After this individual completes the Broker Price Opinion or the appraisal, he or she will return it to the short sale lender. Shortly thereafter, the short sale lender will be ready to talk about the purchase price. Will the lender accept the offer on the table or is the lender looking for more? If the lender is seeking an offer for a lot more than the one on the table, mentally prepare for the fact that you will need to conduct a value dispute.

Value Dispute Process

While each of the different short sale lenders (including Fannie Mae) has their own policies and procedures for value dispute, all these procedures have some things in common. Follow the steps below in order to conduct an effective value dispute.

  1. Inquire about forms. Ask your short sale lender if there are specific forms that you need to complete in order to conduct a value dispute. Obtain those forms if necessary.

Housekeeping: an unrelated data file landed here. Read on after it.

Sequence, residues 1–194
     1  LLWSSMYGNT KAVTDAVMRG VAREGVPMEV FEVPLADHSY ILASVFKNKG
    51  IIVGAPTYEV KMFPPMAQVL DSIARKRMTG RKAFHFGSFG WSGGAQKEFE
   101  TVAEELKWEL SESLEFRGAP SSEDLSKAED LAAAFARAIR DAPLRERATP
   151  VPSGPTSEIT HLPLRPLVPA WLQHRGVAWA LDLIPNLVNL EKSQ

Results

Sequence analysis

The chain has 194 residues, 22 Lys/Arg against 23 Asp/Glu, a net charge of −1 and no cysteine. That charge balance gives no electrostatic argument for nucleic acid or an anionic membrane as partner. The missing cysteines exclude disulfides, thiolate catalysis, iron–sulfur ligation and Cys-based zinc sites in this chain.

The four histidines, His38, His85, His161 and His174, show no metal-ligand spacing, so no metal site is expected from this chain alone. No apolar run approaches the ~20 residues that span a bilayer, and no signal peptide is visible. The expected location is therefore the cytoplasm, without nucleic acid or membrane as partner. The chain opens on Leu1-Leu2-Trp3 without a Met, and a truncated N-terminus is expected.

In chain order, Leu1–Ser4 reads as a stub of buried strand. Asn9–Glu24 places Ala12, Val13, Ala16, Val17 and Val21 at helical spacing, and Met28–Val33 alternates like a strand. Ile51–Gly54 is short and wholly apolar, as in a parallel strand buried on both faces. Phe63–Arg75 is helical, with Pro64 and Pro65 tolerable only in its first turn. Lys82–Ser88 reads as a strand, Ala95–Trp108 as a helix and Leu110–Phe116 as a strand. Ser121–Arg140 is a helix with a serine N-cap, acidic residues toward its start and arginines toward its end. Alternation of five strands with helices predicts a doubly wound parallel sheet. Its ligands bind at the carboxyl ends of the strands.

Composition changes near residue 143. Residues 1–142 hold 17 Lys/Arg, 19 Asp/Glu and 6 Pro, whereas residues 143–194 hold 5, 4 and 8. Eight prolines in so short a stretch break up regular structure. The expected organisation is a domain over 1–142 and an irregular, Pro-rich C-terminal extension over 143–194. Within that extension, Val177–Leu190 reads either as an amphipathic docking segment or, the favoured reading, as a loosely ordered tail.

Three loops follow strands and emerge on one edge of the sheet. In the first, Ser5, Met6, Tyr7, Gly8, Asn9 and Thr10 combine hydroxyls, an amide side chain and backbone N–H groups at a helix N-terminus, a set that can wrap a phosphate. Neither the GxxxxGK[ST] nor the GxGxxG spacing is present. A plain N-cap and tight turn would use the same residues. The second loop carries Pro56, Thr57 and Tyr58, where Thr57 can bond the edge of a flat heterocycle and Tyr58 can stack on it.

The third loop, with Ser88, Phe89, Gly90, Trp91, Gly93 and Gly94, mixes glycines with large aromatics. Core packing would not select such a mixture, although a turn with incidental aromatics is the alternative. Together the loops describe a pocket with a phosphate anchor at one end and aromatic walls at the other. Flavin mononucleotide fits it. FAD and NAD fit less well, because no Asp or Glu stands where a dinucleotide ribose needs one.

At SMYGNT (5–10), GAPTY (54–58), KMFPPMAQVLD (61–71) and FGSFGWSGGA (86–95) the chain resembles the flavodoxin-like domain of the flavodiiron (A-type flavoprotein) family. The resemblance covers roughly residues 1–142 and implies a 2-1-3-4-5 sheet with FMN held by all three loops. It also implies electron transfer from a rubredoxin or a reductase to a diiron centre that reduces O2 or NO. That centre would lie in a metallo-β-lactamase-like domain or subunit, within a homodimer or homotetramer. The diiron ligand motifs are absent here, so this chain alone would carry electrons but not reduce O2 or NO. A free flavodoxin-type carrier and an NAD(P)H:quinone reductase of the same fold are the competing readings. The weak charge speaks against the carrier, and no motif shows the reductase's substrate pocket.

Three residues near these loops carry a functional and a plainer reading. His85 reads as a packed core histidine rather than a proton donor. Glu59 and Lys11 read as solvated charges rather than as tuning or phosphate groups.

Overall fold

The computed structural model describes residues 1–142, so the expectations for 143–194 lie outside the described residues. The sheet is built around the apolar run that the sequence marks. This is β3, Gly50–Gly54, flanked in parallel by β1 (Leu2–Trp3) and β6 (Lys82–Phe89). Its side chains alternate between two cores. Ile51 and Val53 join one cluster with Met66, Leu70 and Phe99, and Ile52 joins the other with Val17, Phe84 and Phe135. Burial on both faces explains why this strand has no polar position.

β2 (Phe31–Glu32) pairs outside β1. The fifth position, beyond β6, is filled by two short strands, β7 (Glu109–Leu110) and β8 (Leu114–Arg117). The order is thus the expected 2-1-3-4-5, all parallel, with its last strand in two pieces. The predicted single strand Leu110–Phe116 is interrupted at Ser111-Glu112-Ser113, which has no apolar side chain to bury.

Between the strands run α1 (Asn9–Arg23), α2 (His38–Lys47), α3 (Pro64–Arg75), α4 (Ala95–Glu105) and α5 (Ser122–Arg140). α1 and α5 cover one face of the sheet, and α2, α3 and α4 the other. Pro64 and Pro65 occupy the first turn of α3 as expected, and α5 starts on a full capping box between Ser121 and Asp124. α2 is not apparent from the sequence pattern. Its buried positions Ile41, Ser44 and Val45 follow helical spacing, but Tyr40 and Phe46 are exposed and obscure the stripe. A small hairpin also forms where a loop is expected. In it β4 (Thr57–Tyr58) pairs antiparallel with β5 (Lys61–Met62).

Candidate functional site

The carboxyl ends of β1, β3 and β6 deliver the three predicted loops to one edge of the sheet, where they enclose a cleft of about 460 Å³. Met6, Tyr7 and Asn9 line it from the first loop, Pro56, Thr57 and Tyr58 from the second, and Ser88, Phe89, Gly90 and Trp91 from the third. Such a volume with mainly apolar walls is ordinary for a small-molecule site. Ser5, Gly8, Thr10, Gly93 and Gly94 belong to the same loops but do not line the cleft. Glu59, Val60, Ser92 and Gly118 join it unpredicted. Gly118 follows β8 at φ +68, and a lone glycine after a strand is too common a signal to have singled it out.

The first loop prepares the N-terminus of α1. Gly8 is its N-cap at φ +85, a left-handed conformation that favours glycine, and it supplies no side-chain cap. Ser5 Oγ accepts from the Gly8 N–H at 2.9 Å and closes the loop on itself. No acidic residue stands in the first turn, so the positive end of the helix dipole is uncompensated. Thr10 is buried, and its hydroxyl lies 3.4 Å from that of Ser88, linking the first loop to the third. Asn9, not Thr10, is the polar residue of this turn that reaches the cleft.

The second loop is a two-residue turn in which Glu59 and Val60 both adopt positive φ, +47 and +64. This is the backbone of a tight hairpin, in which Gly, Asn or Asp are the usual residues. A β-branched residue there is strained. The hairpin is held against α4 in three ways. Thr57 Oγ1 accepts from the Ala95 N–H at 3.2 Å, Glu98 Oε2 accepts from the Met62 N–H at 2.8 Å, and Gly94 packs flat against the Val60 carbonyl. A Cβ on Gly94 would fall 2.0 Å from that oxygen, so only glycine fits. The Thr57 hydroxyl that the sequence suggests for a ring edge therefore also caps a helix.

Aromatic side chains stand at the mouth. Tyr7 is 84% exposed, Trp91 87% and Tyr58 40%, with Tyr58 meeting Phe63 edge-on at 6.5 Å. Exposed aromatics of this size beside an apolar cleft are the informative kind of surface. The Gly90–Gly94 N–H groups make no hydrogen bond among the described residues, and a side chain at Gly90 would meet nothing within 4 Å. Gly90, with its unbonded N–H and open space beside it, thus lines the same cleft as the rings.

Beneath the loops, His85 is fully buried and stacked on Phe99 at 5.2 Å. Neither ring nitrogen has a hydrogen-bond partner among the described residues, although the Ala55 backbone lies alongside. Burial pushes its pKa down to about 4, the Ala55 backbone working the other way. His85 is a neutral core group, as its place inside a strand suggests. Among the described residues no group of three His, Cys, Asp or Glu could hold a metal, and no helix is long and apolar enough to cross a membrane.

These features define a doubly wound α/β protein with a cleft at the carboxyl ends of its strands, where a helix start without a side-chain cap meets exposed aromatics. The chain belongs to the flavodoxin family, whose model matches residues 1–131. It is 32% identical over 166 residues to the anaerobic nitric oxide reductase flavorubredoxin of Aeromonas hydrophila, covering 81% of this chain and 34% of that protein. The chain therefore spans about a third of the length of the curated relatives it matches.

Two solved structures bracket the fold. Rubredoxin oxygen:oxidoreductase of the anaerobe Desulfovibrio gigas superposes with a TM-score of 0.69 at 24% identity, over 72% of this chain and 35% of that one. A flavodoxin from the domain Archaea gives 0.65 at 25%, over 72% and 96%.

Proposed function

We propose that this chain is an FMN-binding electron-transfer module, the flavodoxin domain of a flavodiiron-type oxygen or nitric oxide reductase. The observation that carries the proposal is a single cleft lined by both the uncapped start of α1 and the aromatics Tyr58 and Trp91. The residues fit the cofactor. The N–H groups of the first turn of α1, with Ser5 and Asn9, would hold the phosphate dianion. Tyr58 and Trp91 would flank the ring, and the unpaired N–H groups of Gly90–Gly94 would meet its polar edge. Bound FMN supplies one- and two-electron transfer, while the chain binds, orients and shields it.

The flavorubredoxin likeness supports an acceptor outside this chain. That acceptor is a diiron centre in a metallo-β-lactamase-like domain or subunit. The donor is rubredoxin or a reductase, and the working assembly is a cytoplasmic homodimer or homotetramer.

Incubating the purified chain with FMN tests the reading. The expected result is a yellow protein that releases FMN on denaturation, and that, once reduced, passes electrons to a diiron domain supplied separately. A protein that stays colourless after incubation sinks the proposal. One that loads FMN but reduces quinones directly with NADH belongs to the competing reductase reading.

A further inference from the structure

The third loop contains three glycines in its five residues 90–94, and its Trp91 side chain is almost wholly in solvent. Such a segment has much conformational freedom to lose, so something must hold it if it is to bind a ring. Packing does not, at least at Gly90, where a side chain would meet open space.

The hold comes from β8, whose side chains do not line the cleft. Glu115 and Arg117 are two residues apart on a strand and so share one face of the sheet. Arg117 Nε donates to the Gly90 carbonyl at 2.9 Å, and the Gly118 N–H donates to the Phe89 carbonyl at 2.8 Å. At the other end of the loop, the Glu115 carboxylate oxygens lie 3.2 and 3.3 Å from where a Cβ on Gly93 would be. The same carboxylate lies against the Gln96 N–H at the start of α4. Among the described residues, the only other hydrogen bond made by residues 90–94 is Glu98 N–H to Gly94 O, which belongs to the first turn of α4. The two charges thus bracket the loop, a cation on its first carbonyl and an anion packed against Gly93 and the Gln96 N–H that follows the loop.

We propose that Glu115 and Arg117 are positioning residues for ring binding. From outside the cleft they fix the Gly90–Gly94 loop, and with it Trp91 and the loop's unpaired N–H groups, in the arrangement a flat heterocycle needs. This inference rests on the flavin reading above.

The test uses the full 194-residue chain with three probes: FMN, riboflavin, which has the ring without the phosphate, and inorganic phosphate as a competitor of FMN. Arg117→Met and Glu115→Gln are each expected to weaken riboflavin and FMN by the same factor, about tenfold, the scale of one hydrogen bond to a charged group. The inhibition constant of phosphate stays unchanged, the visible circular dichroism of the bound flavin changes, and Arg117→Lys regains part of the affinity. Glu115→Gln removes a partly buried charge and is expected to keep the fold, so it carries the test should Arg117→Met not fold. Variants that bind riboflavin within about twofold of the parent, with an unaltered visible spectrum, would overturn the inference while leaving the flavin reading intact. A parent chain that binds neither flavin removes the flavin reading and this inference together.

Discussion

2. Gather information. Your goal is to convince the lender to accept the buyer’s offer, so you need to demonstrate that your offer is in line with the value of the property. Collect data that proves this point, such as reports from the MLS, Trulia, Zillow, or your local title company.
  3. Take photos. If there are parts of the property that are substandard and possibly were not revealed to the lender by the individual conducting the BPO, take photos of those items. Perhaps the kitchen has no flooring, or there is a 40-year old roof. Take photos to demonstrate these defects.
  4. Obtain bids. For any defects on the property, obtain a minimum of two bids from licensed contractors. For example, obtain two bids from roofers or structural engineers if necessary
  5. Write a report. Think back to high school English class if necessary. Write a short essay that references your information, photos, and bids, and explains how these items support your buyer’s value. This is not something that you whip up in five minutes. Spend time preparing a compelling appeal.